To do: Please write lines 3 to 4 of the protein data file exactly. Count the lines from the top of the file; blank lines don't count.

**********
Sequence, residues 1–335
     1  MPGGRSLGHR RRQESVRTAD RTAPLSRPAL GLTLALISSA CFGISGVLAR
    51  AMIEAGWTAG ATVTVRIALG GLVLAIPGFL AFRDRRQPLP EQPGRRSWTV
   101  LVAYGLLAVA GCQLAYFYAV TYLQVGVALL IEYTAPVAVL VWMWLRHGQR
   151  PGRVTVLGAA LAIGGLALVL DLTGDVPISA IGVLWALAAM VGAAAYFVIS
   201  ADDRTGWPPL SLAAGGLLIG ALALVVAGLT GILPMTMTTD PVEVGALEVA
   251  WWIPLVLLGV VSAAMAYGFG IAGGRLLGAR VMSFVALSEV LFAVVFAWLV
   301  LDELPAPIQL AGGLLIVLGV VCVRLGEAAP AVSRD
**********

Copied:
    51  AMIEAGWTAG ATVTVRIALG GLVLAIPGFL AFRDRRQPLP EQPGRRSWTV
   101  LVAYGLLAVA GCQLAYFYAV TYLQVGVALL IEYTAPVAVL VWMWLRHGQR